I try to implement the algorithm described in this paper (page 8), but there's a place that I can't understand, and the authors do not provide a more detailed explanation or pseudocode.

They show how to contract this graph:

enter image description here

Vertices A, G & F are external and must remain. Now, they analyze the connections:

For 1,8,9, the connections are {1}A,8,9, {8}G,9,1, and {9}F,8,1. Any vertices connected solely within the subgraph are removed from the list. In this particular instance none of the vertices is internal to the subgraph. Next, any repeated items are removed from these lists. What remains are 1,8,9, A,G,F. The centroid, X, is now calculated as the mean of the vertices in the subgraph (1,8,9).

What are these repeated items? What is the criteria that 1, 8 & 9 can be reduced?

Are there better papers & algorithms for graph simplification? What I want to do is simplify a road graph, removing junctions and cities if needed.

2 Answers 2


The set of vertices (along with any edges between them) {1,8,9} is considered a "subgraph." The "connections" (edges) emanating from these vertices can be enumerated by looping over the vertices:

1: 1-A, 1-8, 1-9
8: 8-1, 8-G, 8-9
9: 9-1, 9-8, 9-F

In this table each row corresponds to a vertex of the subgraph. The edges adjoining that vertex are listed. Think of the vertex as the "source" and the other as the "destination" of each edge. Thus, on the first row, 1 is the source of edge 1-8 and 8 is the destination, whereas on the second row, 1 is the destination of edges 8-1 (which, of course, is the same as edge 1-8) and 8 is the source.

If, within any such row, all destination vertices lie within the subgraph, then the entire row is deleted. (This would correspond to an "internal" vertex.) In this case, 1 has A as a destination, 8 has G as a destination, and 9 has F as a destination, so none of the rows is eliminated.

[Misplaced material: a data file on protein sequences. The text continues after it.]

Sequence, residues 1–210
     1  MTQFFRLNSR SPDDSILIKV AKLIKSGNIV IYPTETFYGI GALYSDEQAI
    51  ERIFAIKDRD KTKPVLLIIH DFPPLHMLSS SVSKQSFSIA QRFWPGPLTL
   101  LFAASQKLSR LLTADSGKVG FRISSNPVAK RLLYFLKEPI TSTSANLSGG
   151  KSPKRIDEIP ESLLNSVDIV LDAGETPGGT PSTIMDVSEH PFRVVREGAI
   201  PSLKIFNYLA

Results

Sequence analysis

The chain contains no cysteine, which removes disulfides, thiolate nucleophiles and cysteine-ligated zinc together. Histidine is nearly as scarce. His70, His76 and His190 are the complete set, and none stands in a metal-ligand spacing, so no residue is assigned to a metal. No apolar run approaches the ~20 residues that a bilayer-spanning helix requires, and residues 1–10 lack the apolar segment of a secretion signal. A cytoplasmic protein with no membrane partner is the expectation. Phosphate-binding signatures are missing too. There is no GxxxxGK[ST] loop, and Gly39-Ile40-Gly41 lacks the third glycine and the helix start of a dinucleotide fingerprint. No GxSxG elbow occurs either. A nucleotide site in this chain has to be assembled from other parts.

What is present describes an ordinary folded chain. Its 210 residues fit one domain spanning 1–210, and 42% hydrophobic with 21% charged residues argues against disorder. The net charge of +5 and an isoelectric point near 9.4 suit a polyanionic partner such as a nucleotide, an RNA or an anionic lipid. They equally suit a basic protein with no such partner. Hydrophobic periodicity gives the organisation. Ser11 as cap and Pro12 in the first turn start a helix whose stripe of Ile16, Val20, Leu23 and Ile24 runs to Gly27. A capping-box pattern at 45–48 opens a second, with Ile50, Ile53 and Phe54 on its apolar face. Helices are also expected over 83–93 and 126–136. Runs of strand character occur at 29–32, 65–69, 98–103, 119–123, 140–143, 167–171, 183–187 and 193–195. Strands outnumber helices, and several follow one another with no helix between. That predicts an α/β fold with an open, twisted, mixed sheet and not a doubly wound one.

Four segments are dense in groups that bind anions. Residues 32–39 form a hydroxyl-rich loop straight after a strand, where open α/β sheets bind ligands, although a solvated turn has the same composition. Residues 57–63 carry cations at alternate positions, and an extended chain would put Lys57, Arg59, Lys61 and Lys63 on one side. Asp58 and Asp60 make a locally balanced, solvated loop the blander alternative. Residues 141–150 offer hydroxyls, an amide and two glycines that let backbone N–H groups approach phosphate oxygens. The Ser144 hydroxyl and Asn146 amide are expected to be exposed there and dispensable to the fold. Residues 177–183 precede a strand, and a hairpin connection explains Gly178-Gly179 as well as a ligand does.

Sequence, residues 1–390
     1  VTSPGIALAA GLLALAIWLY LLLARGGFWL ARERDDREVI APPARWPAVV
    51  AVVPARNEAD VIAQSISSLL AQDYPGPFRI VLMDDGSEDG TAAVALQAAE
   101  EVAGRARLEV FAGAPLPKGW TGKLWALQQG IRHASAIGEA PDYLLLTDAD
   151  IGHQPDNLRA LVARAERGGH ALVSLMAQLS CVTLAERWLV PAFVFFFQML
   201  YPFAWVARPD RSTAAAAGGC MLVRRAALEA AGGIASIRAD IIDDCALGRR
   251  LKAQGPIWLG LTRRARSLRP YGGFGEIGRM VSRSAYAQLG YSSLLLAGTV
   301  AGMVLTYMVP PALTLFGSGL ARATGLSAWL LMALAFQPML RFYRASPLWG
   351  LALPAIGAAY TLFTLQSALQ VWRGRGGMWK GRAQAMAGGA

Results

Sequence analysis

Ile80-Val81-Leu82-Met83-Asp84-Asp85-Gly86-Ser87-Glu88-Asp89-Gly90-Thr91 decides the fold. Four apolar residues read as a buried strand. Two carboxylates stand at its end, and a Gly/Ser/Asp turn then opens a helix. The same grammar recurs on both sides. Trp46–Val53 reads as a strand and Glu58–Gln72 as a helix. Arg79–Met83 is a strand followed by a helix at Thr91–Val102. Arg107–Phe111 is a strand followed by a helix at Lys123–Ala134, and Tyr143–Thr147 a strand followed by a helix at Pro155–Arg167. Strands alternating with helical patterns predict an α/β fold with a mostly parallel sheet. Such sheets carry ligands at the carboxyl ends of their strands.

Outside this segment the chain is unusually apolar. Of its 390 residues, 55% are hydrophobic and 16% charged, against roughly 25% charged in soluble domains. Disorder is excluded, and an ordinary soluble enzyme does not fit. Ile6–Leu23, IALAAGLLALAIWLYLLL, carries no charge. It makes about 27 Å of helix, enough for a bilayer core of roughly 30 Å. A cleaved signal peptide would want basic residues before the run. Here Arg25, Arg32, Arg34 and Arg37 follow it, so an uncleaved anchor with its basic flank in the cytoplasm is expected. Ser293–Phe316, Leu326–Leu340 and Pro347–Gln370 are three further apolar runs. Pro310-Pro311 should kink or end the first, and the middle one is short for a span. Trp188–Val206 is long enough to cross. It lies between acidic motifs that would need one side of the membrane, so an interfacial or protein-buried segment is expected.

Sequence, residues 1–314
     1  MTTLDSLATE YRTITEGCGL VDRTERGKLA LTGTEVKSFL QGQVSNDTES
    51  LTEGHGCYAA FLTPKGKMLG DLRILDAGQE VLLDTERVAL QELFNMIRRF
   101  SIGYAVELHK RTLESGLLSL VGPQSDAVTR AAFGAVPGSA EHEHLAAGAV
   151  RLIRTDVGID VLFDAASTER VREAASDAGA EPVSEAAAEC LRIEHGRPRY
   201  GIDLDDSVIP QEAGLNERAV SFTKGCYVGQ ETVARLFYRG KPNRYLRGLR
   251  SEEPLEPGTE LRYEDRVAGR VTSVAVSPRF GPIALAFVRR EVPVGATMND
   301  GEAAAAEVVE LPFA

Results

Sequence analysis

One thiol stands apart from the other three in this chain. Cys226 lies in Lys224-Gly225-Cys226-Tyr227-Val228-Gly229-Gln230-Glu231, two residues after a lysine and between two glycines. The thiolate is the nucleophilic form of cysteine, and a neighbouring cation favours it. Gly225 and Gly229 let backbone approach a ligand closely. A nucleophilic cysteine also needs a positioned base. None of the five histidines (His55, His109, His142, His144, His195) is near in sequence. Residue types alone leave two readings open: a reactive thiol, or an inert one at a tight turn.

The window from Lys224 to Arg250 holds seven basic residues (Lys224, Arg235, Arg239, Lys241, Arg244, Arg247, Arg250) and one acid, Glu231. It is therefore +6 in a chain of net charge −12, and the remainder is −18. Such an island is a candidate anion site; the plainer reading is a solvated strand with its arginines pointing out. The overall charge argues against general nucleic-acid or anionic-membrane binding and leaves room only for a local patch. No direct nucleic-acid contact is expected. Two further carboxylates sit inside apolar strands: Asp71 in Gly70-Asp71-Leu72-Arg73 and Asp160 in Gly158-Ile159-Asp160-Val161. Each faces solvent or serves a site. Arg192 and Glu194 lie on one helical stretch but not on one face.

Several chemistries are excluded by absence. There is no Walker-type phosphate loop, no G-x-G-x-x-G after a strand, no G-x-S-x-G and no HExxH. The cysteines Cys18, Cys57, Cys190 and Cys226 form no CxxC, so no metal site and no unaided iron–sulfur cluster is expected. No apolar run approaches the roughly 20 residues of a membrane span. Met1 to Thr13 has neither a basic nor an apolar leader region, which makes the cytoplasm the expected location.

Next--this is probably the unclear part in the paper--the surviving lists of destination vertices are combined, giving

A, 8, 9; 1, G, 9; 1, 8, F

There are duplicates in this list: 1, 8, and 9 all appear twice (each is mentioned both as a source in one line and as a destination in another). The list of unique vertices is

A, 8, 9, 1, G, F

The algorithm is completed by replacing each vertex in the subgraph {1,8,9} by a new vertex X located at the centroid of the locations of {1,8,9}. That original list of edges now reads

X: X-A, X-X, X-X
X: X-X, X-G, X-X
X: X-X, X-X, X-F

We remove all the self-loops X-X to get

X-A, X-G, X-F

That's the new graph. The algorithm has finished.

  • So, {1, 8, 9} are replaced because they are duplicates in {A, 8, 9; 1, G, 9; 1, 8, F}, or just because they are the rest of the subgraph? (after removing the internal nodes)
    – culebrón
    Mar 16, 2012 at 19:44
  • 1
    The entire idea of the algorithm is to collapse the subgraph to a point. Thus, at the outset, you know that all the original vertices {1,8,9} will be replaced by a single new vertex X. The issues to address are (1) where to locate X and (2) what connections to make to X from the remaining vertices. The connections are obvious: any edge originating from beyond the subgraph and ending within the subgraph needs to end in X. The only element of any interest in this particular algorithm is the decision not to base the location of X on any of the internal vertices.
    – whuber
    Mar 16, 2012 at 19:46

This book has all the answers if you want to study netwroks. May be you can find in you library.


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